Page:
For cancer therapy, treatment resistance poses a major hurdle. Even aggressive treatments such as immunotherapies or nanomedicines may fail to eliminate all cancer cells, allowing new mutations to develop that may cause relapse. In a new study published in the June issue of ACS Nano, bioengineers at Brigham and Women's Hospital report that the reason combination therapies are not always successful and can lead to resistance could be a result of spatial proximity of each drug in the combination 'pair.' By engineering a single nanoparticle that comprises a synergistic drug pair, they demonstrate that the mechanisms of resistance can be shut down to a degree that had never been achieved before. The findings have implications for how combination therapy is administered in the clinic and the use of complementary drug pairs for the treatment of cancer.
Using computational approaches, the team designed a supramolecular nanotherapeutic that tied together two cancer therapies: the chemotherapy drug docetaxel and a targeted therapy known as a PI3K inhibitor. By pairing the two drugs in a single structure, the team was able to deliver both therapeutic agents to the same cells, more effectively eliminating cancer cells in preclinical models and resulting in greater tumor inhibition.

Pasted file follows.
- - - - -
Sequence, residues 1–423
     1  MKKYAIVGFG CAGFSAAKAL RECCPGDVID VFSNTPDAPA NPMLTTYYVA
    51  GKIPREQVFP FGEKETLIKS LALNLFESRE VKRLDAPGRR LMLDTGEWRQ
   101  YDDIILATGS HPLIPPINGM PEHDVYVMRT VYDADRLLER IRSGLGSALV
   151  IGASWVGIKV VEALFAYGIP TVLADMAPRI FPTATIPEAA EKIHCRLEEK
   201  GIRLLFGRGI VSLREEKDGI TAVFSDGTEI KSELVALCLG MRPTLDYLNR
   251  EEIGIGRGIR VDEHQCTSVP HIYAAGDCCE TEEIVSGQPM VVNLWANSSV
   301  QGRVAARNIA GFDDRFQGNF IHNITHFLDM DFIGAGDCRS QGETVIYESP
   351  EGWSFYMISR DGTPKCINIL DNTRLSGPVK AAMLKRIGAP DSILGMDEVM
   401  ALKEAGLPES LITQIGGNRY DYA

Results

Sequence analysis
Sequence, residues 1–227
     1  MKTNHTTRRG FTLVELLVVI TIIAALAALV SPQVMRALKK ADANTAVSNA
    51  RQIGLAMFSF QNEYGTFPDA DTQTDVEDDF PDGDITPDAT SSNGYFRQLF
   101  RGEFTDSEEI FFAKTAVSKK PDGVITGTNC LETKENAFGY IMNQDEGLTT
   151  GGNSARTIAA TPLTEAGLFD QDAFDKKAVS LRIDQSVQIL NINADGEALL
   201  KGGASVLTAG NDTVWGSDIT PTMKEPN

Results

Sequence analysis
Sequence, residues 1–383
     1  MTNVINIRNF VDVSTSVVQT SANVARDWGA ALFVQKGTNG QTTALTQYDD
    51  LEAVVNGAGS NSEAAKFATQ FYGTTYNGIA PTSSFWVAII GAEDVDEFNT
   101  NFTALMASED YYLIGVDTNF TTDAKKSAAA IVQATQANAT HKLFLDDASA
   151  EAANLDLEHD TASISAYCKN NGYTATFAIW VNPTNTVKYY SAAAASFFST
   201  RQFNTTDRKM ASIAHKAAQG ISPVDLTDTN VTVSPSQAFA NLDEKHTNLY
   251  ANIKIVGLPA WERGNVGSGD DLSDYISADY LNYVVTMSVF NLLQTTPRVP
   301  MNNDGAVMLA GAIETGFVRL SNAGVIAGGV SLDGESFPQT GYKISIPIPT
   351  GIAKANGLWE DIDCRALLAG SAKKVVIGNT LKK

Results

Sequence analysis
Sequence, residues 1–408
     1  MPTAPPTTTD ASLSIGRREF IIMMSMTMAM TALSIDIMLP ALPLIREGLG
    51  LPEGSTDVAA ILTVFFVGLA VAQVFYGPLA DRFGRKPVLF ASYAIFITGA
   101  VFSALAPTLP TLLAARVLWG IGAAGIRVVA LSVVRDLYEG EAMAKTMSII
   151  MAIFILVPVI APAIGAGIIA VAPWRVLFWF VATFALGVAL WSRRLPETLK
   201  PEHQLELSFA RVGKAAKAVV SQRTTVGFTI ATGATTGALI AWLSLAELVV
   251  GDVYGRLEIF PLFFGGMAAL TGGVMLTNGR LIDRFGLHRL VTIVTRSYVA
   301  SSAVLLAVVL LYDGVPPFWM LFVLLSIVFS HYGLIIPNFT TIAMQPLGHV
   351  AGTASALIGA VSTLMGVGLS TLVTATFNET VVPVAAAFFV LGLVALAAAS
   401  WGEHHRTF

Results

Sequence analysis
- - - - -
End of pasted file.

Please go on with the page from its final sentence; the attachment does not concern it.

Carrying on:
"We were inspired by the mathematical understanding that a cancer cell rewires the mechanisms of resistance in a defined way," said study author Aaron Goldman, PhD, of BWH's Renal Division. "By developing a 2-in-1 nanomedicine, we could ensure the same cell that was acquiring this new resistance saw the lethal drug combination, shutting down the survival program and eliminating the evidence of resistance. This 2-in-1 punch could redefine how clinicians deliver the '1-2 punch' combination of drugs."